Overhaul of small business insolvency – what does it mean for you?

Share This Post

by Drew Craven RTE® | 25, Sep 2020 | Commercial and businessCorporate insolvencyEntrepreneursPPSR

If you’re a struggling small business owner, Frydenberg’s announcement may just be the help you need to restructure your debts and trade out of the ‘COVID’ trouble. If you’re a creditor to a small business, then getting paid may get just that bit harder… (again)

Frydenberg’s announcement may help your small business restructure its debt obligations to trade out of the COVID recession.

On 24 September 2020, the Treasurer announced significant changes to the way small businesses can ‘restructure’ their financial obligations. The key points of the proposed changes are:

  • The introduction of a new debt restructuring process for incorporated businesses with liabilities of less than $1 million, drawing on some key features of the ‘Chapter 11’ bankruptcy model in the United States.
  • Moving from a rigid one-size-fits-all ‘creditor in possession’ model, to a more flexible ‘debtor in possession‘ model, which means that a small business owner can remain in control of their company and restructure their debts, without an external insolvency practitioner taking over.
  • A rapid 20 business day ‘restructure period’ to develop a restructuring plan with assistance from a small business restructuring practitioner, followed by 15 business days for creditors to vote on the plan.
  • A new, simplified liquidation pathway for small businesses to allow faster and lower cost liquidation.
  • Complementary measures to ensure the insolvency sector can respond effectively both in the short and long term to increased demand and to meet the needs of small business.

More information can be found on Treasury’s website here

In a nutshell, how will the reforms work?

The reforms will create the new concept of the ‘small business restructuring practitioner’ who will assist the small business owner to create a restructuring plan and put the plan to the business’ creditors for a vote. A restructuring plan will likely involve creditors agreeing to accept less than the amount they are owed, potentially with payment made over time. If 50% of the creditors by value accept the plan, then it is approved and binds all unsecured creditors.

As 50% of creditors by value must approve the plan, this will likely put the Tax Office in a powerful position to decide which plans succeed or fail. We expect to see the Tax Office having a clear mandate on voting in line with whether or not the business was paying its taxes before the disruption caused by COVID.

If a plan is not viable, or not approved by the creditors, then the reforms also allow for a streamlined liquidation process aimed at keeping costs down.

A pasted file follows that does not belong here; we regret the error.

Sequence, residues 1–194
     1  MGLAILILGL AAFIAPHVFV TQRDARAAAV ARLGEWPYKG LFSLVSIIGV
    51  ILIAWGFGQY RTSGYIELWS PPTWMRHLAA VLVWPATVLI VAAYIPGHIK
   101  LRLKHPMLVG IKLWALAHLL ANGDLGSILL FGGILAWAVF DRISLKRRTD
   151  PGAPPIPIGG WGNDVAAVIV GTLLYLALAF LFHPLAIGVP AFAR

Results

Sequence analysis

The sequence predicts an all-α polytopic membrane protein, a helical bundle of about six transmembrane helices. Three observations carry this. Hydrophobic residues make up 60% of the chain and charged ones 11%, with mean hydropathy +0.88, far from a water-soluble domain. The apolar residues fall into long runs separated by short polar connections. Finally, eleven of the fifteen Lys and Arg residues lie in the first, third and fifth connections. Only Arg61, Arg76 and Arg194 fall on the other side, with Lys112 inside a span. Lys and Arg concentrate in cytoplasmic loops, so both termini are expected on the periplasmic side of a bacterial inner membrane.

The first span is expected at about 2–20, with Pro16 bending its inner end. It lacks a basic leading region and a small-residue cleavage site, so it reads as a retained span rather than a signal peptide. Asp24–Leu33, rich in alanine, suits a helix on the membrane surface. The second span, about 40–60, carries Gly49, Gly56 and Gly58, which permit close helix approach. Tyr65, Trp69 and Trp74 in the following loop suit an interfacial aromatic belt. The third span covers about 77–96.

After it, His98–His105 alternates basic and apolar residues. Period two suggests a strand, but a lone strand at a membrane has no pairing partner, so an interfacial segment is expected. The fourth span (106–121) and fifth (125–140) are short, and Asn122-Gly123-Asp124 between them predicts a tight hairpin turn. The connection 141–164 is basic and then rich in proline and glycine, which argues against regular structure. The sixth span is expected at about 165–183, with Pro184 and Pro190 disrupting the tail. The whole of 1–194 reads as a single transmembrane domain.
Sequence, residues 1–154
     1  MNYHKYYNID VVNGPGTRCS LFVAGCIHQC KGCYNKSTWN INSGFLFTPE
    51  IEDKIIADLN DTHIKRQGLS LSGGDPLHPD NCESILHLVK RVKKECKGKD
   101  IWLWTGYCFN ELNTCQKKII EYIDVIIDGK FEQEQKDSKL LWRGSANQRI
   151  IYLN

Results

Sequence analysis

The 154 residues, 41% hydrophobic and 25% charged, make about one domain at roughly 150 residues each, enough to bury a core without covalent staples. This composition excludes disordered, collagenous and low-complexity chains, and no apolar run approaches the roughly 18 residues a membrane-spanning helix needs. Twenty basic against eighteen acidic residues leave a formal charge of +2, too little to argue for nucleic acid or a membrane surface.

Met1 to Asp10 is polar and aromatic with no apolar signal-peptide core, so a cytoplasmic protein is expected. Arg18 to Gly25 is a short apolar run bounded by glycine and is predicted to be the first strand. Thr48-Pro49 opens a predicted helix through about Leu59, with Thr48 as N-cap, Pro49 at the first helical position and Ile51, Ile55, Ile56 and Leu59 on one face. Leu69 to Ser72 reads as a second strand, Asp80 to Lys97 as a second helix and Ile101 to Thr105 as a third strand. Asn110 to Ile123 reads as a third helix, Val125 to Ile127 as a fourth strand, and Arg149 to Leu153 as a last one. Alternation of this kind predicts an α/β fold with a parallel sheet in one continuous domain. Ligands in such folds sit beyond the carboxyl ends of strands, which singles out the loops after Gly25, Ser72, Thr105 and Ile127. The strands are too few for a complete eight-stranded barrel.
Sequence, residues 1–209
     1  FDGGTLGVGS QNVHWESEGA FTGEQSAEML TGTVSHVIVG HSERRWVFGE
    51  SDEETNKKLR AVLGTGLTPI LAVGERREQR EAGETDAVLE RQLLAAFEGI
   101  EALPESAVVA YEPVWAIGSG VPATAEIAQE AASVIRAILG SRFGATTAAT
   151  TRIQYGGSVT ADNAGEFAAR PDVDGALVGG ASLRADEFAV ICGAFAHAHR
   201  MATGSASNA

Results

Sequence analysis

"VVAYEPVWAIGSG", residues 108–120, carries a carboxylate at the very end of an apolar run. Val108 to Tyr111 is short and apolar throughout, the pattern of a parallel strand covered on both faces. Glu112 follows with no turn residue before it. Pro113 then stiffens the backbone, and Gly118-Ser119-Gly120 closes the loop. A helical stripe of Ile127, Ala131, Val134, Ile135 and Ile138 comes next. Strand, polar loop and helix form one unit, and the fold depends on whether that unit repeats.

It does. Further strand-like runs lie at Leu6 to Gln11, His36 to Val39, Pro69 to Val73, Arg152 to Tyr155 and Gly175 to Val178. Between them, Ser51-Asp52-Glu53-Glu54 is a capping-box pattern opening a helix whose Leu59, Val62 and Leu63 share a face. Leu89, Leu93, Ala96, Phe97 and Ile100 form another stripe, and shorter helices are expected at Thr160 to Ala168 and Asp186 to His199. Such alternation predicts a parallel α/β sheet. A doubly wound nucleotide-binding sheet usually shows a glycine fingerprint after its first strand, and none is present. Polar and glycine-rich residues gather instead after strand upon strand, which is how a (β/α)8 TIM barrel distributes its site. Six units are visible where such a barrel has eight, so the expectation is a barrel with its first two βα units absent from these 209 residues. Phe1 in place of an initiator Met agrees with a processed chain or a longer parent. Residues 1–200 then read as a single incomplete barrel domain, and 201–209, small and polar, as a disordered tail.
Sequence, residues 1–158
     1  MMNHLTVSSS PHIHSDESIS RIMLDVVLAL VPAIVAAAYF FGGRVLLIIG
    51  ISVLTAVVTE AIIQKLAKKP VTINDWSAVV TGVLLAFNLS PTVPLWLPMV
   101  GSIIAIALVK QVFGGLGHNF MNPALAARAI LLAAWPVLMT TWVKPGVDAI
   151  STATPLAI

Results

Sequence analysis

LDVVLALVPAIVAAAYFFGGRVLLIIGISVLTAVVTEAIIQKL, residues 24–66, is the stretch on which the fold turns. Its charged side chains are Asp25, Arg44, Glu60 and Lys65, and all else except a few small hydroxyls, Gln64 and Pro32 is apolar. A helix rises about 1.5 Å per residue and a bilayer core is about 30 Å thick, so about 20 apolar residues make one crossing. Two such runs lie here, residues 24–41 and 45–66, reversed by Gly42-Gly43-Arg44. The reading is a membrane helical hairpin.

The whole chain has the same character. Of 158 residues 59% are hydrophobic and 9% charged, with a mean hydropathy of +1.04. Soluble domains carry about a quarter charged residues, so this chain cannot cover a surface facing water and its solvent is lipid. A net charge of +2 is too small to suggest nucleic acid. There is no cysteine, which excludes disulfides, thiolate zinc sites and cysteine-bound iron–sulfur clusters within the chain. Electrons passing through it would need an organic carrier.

The obvious question is, will the proposed changes make a difference?

In our view, they definitely will make a difference. The bigger question is whether they will make a positive or negative difference.

For every distressed business not paying its bills, there are potentially hundreds of distressed creditors not getting paid what they are owed. The new proposals will result in these creditors not being paid what they are entitled, while allowing the business that owes them the money potentially continuing on its way. This is also bearing in mind that many of these delinquent businesses were in financial strife prior to COVID. In some respect, this is undermining a key pillar of Australian capitalism, and further kicking the proverbial ‘zombie company’ can down the road.

On the flip side, few would argue against the proposition that the small business insolvency regime was ripe for change. Advisors who are genuinely interested in helping small businesses with better focused solutions have been branded with the ‘pre-insolvency advisor’ label, together with the negative connotations associated with ‘illegal phoenix operators’ given the same name. The new reforms will bring these people out from the shadows and allow them to honestly try and help small businesses in their time of need, while also encouraging more oversight to weed out the dodgy advisors.

No doubt we will have much more to say on this big announcement once draft legislation has been released. Watch this space!

How we can help

Getting ahead of the curve is always the best option, and now is already a great time to try and restructure debt obligations. If you are feeling the COVID-related financial pinch, call us on 1300 654 590 and get ahead on sorting out your business’ financial obligations.

On the other hand, if you have extended credit without appropriate protections, this is also an ideal time to act to strengthen your position.

The information contained in this post is current at the date of publishing – 25 September 2020.

by ABRT Board Member & ABRT Professional Member Drew Craven RTE® | 25, Sep 2020 | Commercial and businessCorporate insolvencyEntrepreneursPPSR

A Decade of Unstoppable Growth!
When a relationship breaks down and two people who have relied on each other part ways, adjusting to a new lifestyle can be challenging….
Evan Bulmer
Taming the ‘Seven Dogs’ of business succession planning
When a relationship breaks down and two people who have relied on each other part ways, adjusting to a new lifestyle can be challenging….
Andrew Andreyev
The language of business collapse
When a relationship breaks down and two people who have relied on each other part ways, adjusting to a new lifestyle can be challenging….
Stephen Barnes
Dealing with Debt in a Break Up
When a relationship breaks down and two people who have relied on each other part ways, adjusting to a new lifestyle can be challenging….
Jarvis Archer